Previous Challenge Entry (Level 2 – Intermediate)
Topic: On the Telephone (11/18/10)
By Veronica Winley
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In this rural, farming community, houses could be situated a mile or more apart and the telephone service was shared by any number of households. If you wanted a private conversation, you got in your car and drove to the person’s house. Most people didn’t bother with that but just counted on their neighbor’s courtesy and sense of decency. This phone system usually worked well and was fine for emergencies but could cause a lot of hard feelings too, especially when someone refused to get off the phone so their neighbor could use it.
“Mama, he came home drunk again last night! I just don’t know what I’m going to do!” Mitzy Rollins whined to her mother about her sorry husband at least twice a week. Stella shook her head, as her friends tittered softly in the background.
Mitzy’s mother said the same thing she always said and Stella mouthed it with her. “Honey, it’ll get better. You just have to hang in there.”
When the call finally ended, the eavesdroppers sat around laughing and discussing it until the next distinctive ring signaled another one. Careful not to let on she was listening, Harriet became the snooping busybody this time.
Judd Sayers was asking his brother for a loan. “The bank is about to foreclose on us. I don’t see how we’re going to make it.” Harriet’s beady little eyes darted back and forth as she whispered the details to her friends. The brother didn’t sound as if he was going to help them. They all sighed deeply in mock sympathy.
So the evening continued; lovers’ spats, hard-to-handle teens and scandalous gossip, all helped while away an otherwise dreary, humdrum evening. When Stella’s turn came again, she listened for a moment and then became very quiet. Her friends crowded closer.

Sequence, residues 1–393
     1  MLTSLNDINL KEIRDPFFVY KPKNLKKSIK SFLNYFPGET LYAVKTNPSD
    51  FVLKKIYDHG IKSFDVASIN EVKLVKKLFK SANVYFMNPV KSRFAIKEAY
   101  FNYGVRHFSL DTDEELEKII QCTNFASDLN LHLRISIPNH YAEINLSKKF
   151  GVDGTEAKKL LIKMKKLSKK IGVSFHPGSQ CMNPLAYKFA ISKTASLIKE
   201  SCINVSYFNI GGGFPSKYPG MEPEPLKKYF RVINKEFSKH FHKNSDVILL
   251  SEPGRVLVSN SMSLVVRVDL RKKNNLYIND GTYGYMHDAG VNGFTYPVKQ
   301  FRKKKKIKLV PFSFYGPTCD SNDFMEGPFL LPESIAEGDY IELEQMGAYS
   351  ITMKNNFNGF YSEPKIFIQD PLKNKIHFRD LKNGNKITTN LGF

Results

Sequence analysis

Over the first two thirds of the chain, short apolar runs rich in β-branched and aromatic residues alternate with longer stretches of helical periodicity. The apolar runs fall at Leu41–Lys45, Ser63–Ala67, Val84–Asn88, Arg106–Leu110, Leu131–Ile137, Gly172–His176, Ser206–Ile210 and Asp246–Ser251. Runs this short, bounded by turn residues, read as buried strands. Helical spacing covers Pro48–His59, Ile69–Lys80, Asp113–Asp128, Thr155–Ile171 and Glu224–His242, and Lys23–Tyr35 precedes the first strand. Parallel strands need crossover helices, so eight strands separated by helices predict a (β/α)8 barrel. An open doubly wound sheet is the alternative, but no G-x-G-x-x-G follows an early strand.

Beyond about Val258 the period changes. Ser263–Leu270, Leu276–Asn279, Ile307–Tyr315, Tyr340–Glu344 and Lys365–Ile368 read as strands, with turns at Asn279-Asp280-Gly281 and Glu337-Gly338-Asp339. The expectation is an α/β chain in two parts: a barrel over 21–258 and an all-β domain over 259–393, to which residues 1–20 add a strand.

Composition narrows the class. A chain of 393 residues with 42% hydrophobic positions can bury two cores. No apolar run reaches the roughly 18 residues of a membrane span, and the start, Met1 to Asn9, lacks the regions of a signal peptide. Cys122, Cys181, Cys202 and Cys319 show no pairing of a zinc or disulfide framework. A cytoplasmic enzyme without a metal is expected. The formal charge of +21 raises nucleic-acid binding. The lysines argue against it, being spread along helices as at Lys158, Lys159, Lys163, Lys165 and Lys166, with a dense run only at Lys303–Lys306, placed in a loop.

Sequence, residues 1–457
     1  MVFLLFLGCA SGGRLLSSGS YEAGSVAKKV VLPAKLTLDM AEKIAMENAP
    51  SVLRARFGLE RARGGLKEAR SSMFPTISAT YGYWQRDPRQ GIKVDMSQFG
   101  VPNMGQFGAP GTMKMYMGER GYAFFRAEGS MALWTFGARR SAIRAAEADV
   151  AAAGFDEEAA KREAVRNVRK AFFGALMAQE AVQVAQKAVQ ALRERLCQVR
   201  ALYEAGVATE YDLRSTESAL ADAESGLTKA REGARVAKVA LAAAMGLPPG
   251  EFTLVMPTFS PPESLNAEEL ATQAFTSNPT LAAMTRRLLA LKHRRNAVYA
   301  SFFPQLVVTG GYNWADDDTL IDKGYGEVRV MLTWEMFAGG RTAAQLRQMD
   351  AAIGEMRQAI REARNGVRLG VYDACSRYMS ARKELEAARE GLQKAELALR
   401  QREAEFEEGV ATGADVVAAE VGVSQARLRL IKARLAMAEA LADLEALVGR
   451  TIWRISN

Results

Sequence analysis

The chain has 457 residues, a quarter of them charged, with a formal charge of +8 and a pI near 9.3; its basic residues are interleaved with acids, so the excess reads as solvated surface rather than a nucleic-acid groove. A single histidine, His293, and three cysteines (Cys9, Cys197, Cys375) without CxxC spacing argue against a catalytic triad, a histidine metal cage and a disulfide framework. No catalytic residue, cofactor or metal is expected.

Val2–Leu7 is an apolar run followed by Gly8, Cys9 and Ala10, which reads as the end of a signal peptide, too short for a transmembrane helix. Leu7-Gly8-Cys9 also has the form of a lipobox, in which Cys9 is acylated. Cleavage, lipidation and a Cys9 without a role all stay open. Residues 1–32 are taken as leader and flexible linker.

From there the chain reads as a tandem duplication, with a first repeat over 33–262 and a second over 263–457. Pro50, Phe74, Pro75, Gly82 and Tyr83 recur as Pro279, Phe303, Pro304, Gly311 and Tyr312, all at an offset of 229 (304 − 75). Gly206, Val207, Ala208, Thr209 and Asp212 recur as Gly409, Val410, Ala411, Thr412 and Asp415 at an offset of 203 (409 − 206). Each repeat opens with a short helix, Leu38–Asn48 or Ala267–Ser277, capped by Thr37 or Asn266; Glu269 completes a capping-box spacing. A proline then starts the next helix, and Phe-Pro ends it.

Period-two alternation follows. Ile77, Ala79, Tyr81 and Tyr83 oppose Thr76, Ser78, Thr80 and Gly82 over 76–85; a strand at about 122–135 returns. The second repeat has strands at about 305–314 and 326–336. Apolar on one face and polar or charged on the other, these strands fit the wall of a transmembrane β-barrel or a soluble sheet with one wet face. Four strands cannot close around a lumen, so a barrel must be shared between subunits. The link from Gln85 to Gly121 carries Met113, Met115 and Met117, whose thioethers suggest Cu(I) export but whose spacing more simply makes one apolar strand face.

“What’s going on? What are they saying?”
Stella appeared to be concentrating on what she was hearing. “Marilee Scott is crying and talking to the minister. She says she doesn’t know how she’s going to make it since her husband died and she’s been left with three kids.”
“Oh, the poor thing!” said Rosie insincerely. Harriet looked at Stella, avidly waiting for more details. Stella turned away slightly from them as she continued to listen. Then she became very still and after a moment, carefully disconnected from the line. Her friends looked at her quizzically.
“What’s wrong? What happened?”
Stella hesitated before answering. “The minister assured her that God would take care of her. He told her to “Consider the ravens who do not sow or reap, have no storeroom or barn, yet God feeds them.” She paused and gazed reflectively out into the night. “He said ‘and how much more valuable you are than birds!’ * Then he prayed with her.”
Her friends looked at each other and shifted nervously. They all flinched as a particularly strong gust of wet air blew all around them. The night seemed to be getting colder.
Suddenly feeling very tired, Stella said “Let’s go, ladies. I’m ready for bed.” She gave a little hop as she stepped away from the “listening “spot she had accidentally stumbled upon, while resting one day on the tall telephone wire. If she gripped the wire exactly where it met the wood pole, it became twisted in such a way that, with her head angled, she was able to hear most of the humans’ phone conversations - which, at the time, seemed like lots of fun.
Lifting her sharp beak to the sky, Stella stretched out her glossy, black wings to their full, considerable span and launched into the air, with her friends silently flocking behind her. Together, they flew over the abundant wheat and corn fields, the vegetable gardens and dairy barns, as they headed for the shelter and safety of the trees.
*Luke 12:24 NIV
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